Dec. 8, 2020
Nathan Emery, Fitchburg State University (MA)
Talent. It’s everywhere. Whether you recognize it or not, I have it, you have it, your parents have it, your neighbors, cousins, friends, and strangers have it. Talent comes in different forms, and in various manners. Some people draw, some people dance, some people sing, and some people balance random objects. Talent. It’s everywhere, and on a college campus, students either keep it to themselves or jump at the opportunity to show it off.
Why is talent sharing important? We all know there is plenty of talent in the world and plenty of successful professionals we can hire to showcase talent. The answer is simple: community. Though hiring a professional is a great idea, sharing is the basis of community. It reveals trust, vulnerability, and positivity. As colleges seek ways to build and strengthen community in a virtual world, having students share their talent proves important.
Talent sharing can help invigorate campus communities, and programmers can benefit from understanding the various ways to plan and implement a talent-based event to meet campus needs. The first step is determining the type of talent showcased. Most students hear “talent show”, and immediately think of the performers on shows such as “So You Think You Can Dance?”, “The X Factor”, and “America’s Got Talent”. What they may not realize is there are other - less theatrical talents - that can still be showcased, and ways to avoid the bright lights of a stage.
Creativity: Students submit creative works virtually. These talent “shows” ask students to submit a piece of work (poetry, art, media, etc.) to be showcased or judged upon later. Creativity talent showcases can range from low to high skill pieces, while still maintaining the fun of sharing, and without the fear of ridicule or the pressure of a spotlight. Examples include:
- Coloring Pages
- Ceramic Painting
- Pumpkin Decorating/Carving
- Art Re-creation
- Poetry writing
- Canvas painting
- Short films
- Short story writing
Performance: Students either participate live or submit works of their performance to be watched or judged upon later. Performance talent showcases are typically high skill, and it is best to have a first round to vet talents to ensure quality and appropriateness. Though a show could be held live via an in-person stage, or live streamed from location, students could also submit prerecorded pieces for a video collaboration. Examples include:
- Poetry reading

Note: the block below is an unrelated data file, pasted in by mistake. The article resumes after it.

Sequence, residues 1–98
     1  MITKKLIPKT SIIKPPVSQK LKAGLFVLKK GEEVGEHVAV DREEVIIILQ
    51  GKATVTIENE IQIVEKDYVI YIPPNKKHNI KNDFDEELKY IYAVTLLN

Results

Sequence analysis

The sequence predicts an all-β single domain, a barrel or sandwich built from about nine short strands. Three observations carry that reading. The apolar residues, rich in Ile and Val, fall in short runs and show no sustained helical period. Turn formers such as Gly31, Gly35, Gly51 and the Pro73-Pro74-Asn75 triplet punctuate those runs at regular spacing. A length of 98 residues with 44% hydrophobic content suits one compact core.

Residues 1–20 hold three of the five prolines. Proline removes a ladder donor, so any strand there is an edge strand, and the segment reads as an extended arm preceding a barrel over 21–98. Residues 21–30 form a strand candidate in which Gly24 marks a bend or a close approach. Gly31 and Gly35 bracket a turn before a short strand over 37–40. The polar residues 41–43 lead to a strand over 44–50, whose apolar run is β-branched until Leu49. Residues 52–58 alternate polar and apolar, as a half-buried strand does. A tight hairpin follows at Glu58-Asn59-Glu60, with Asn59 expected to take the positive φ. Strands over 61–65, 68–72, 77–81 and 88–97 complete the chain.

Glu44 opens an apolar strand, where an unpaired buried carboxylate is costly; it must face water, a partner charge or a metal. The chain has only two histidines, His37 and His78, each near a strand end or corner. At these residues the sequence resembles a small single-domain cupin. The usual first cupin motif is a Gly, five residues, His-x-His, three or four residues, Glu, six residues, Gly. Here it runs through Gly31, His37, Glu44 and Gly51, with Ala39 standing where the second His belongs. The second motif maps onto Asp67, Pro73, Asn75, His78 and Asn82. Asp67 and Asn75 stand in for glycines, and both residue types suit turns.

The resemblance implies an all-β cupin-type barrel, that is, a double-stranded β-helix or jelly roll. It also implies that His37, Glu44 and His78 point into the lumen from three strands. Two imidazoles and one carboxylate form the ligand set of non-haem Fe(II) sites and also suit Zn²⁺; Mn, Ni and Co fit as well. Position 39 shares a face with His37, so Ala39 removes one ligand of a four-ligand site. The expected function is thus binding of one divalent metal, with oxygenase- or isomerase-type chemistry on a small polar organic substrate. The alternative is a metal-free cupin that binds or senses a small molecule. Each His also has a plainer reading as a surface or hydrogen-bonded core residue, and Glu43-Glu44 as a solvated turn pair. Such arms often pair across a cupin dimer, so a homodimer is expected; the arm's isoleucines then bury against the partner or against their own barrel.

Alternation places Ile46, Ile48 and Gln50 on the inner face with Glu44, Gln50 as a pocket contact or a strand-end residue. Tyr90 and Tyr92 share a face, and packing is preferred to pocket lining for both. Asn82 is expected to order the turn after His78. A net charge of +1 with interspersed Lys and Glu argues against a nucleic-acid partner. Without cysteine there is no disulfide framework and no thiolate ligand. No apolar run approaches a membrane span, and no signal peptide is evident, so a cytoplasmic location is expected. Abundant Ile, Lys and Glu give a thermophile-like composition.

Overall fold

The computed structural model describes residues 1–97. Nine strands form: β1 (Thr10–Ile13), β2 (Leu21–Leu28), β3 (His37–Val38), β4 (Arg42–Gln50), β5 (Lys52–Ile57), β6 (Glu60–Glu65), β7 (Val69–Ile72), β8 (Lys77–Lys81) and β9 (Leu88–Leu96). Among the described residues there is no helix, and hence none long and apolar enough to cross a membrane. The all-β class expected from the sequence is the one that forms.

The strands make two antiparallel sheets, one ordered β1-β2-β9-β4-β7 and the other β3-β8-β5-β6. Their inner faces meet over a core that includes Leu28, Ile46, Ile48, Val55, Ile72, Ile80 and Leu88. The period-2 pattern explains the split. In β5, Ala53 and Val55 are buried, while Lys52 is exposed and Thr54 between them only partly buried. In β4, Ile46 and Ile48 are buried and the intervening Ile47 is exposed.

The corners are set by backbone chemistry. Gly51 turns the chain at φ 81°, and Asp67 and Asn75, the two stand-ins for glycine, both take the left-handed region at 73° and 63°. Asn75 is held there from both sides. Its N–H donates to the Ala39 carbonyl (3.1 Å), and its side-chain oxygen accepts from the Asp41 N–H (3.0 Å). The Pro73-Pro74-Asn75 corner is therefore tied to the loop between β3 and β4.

- Musical performance
A major challenge most talent showcases face is participation. Though students hold a myriad of talents and have creative mindsets, they are not always willing to share. As most programmers know, incentives or prizes are a must, but what happens when few students opt in to the event?
The answer is NACA® 24/7. Specifically, booking a professional to host, kick-off, or close out the program.
Booking a host is a fantastic way to help ease a few problems that may arise during a talent showcase; hosts can (1) open the show and introduce the acts, (2) ensure the transition between acts goes smoothly, (3) bring high energy and enthusiasm to a virtual show, and (4) fill in open time slots when too few students participate. At the very least, you’ll guarantee an exciting show for the campus on the day of the event!
Not all talent showcases have the same format. Some programs may not even have a live or formal show included. In this case, professionals can still promote engagement. Kick-off the event with a lecture or performance; continue to promote submissions with a show midway to the deadline; unveil the submissions with a professional.
Luckily, NACA® 24/7 makes booking a professional the easiest part of planning, and plenty of associates, agents, and performers are willing to help take your talent sharing experience to the next level. Reach out and start the conversation.
Talent sharing is powerful. It brings communities together and builds trust. It gives students a platform and the opportunity to showcase a piece of their life. Creating a talent sharing experience is not only scheduling an event, but adding to a sense of belonging on a college campus. Talent. It’s everywhere. Let’s explore it.
Nathan Emery is the coordinator of programs, clubs, and organizations at Fitchburg State University (MA) and volunteers for the Association as the regional block booking coordinator for the Northeast region.
Related Professional Development Competencies: Technology, Intentionality in Student Learning
If you’re looking for innovative ways to virtually engage your campus communities, consider attending Virtual NACA® Live this upcoming February 2021. New components have been added to the conference to help you find solutions to the challenges of programming virtually. Check out the Make & Take Hours, Trending Interactive Programs, Sponsored Nights Out and Technology Demonstrations that have been added to the conference. We hope to see you there!